The national shift from rural townships to cities identified in the 2013 census has been reflected in falling property values with Wairoa suffering the most in a 41 per cent drop since 2008.
However, it is not alone, with Hawke's Bay's main rural centres showing negative price growth to the end of September, according to a report by My Valuer.
Wairoa values tumbled 15 per cent this year. Its 2013 median sale price is $104,000, after peaking at $146,750 in 2007 thanks to out-of-town investors. Wairoa values in the past have been skewed by the Mahia holiday-home market, but for the report those sales were excluded.
The Dannevirke median sale price is $137,000 - a 9.12 per cent increase this year after three years of decline. The Dannevirke market peaked in 2008 at a median sale price of $156,750. From 2008 to 2013 the drop has been 14.42 per cent.
Waipukurau's median sale price is $185,000, down 5.73 per cent this year - the same price as it was in 2008. In 2007 it peaked at $199,750.
Waipawa's median sale price is $165,000, after peaking in 2009 at $204,250. In 2011 it fell 7.2 per cent and in 2012 8.8 per cent.
My Valuer director Andrew White said Wairoa, like a number of provincial New Zealand towns, had "suffered" in a recent "downturn".
"Like any other regional town they have seen a lack of demand for property, which has meant they have seen quite a significant decline."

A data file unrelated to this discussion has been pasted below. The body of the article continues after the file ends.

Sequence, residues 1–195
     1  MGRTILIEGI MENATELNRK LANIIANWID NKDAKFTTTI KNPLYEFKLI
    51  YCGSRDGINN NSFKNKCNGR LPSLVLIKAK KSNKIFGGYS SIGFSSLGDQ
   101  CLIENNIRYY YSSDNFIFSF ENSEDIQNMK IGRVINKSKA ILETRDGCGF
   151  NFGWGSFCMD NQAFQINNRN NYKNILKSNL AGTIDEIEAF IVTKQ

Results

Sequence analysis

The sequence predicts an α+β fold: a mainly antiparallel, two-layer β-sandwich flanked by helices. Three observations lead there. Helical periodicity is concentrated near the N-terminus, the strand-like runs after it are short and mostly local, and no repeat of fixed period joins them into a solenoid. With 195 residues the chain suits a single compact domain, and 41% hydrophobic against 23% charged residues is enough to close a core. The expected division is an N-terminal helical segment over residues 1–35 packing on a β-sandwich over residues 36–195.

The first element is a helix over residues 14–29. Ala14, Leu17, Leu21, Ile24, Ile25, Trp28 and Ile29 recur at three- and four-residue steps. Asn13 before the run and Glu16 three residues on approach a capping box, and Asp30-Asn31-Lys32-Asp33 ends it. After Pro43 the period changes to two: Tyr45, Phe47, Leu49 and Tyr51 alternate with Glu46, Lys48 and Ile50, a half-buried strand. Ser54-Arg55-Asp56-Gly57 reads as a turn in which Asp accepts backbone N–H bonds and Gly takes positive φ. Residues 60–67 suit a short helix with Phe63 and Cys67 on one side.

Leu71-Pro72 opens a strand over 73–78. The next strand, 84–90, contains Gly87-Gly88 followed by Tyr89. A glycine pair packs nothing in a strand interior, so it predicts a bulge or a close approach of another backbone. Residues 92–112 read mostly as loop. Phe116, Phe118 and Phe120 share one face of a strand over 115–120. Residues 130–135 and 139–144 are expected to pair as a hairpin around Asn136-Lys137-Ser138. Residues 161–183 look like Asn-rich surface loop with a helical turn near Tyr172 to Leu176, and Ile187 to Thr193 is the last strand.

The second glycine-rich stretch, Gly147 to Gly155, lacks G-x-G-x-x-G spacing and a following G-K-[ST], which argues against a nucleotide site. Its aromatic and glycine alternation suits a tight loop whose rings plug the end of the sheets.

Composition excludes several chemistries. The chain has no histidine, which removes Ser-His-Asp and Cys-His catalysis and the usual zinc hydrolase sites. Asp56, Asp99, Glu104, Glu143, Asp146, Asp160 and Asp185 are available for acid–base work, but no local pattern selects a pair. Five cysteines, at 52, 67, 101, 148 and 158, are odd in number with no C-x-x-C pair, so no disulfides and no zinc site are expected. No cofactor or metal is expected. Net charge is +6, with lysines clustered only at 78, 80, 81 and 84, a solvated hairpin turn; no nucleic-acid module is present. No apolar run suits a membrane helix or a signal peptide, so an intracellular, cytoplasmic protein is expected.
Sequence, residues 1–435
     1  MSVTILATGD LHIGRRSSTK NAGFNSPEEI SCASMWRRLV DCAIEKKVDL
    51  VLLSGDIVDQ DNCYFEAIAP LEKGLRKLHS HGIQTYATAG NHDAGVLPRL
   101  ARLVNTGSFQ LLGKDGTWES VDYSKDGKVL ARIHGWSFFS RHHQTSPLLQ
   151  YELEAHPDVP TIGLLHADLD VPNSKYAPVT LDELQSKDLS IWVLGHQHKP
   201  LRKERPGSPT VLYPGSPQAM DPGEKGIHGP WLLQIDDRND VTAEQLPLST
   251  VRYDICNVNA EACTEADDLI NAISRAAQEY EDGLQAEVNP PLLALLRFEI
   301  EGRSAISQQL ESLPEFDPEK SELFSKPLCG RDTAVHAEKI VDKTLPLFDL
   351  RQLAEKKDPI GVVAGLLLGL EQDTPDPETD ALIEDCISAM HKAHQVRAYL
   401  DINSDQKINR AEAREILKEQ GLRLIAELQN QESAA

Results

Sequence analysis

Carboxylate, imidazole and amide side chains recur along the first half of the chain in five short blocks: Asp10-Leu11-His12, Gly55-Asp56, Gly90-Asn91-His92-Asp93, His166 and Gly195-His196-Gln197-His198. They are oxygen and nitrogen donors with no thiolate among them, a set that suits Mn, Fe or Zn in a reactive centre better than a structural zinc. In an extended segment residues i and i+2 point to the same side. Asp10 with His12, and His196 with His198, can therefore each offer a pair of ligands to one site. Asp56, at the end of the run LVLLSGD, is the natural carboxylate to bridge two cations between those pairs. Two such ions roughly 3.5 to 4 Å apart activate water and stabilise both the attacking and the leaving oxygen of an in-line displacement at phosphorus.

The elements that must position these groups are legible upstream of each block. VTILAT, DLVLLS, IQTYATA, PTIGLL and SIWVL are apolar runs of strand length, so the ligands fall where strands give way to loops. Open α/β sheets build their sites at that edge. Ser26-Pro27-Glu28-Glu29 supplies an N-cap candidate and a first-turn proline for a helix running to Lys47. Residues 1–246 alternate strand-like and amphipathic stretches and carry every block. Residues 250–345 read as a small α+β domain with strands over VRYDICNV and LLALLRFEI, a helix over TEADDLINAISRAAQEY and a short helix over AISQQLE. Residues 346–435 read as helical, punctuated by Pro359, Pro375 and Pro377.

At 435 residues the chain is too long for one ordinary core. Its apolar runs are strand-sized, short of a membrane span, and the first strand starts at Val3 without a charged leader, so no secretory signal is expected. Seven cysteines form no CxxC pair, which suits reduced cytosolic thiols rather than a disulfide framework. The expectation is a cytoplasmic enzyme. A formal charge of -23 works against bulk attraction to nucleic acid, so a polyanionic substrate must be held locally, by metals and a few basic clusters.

He said an increased demand, better job security and larger catchment area in Dannevirke had seen values rise.
"There has also been more confidence in the market place and the ability for first home buyers to enter the market again. People have confidence because they believe the market has bottomed out and isn't going to get any lower."
The report said the Hawke's Bay market had been very strong through winter, but the usual spring bounce had been "significantly influenced" by bank restrictions.
The Reserve Bank has restricted high loan-to-value ratio (LVR) loans, meaning many bank mortgage borrowers need a much higher deposit. The bank introduced the restrictions to dampen strong Auckland and Christchurch housing markets, but it has been criticised for hitting first-home buyers.
"The broader residential market relies on first home buyers - they are an integral cog in the property cycle," the report said.
Napier and Hastings sales volumes in September dropped 13.5 per cent in Napier and 7.2 per cent in Hastings.
"This is significant for a period that is traditionally a preferred time of year to list and sell property."
The report said Hawke's Bay did not have the same population growth and high wages that drove the Auckland market.
"The number of transactions has been consistent for the past two years, along with sustained growth in many business sectors, including a lift in residential construction in both Hastings and Napier."
Most Hastings suburbs showed positive growth this year. Havelock North has had the highest number of sales for any suburb in Hawke's Bay but because the sales have been mainly at the lower end of the market, the overall median price has not risen.
The Napier median sale price is down 6.3 per cent overall for the year to date.